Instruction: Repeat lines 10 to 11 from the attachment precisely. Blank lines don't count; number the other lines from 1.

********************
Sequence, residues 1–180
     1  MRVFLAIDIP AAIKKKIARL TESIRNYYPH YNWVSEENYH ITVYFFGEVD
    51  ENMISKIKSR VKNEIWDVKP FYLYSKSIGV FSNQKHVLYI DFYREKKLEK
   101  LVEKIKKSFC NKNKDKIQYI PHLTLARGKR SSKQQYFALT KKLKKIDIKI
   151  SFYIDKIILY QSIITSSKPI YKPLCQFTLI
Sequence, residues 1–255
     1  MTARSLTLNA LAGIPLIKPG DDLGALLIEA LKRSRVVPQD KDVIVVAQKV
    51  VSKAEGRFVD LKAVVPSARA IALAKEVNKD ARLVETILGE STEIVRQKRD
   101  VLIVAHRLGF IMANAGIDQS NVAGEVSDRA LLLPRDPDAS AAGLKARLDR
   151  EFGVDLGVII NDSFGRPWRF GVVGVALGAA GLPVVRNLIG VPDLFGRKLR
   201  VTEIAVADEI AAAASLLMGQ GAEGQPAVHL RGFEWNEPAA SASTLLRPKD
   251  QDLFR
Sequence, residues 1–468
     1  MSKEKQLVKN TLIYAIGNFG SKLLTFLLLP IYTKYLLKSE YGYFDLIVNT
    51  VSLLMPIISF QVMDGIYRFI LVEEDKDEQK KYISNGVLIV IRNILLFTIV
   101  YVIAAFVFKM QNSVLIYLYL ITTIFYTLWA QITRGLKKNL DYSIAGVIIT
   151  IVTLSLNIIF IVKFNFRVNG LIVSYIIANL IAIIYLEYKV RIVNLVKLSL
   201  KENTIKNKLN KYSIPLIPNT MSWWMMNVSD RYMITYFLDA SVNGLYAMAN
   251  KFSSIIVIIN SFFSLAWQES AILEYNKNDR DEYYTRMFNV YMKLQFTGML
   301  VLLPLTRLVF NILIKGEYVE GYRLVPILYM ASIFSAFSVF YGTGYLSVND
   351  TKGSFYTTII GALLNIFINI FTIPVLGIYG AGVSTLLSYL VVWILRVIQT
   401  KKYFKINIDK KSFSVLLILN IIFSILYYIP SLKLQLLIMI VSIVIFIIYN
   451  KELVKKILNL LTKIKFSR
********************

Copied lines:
   151  EFGVDLGVII NDSFGRPWRF GVVGVALGAA GLPVVRNLIG VPDLFGRKLR
   201  VTEIAVADEI AAAASLLMGQ GAEGQPAVHL RGFEWNEPAA SASTLLRPKD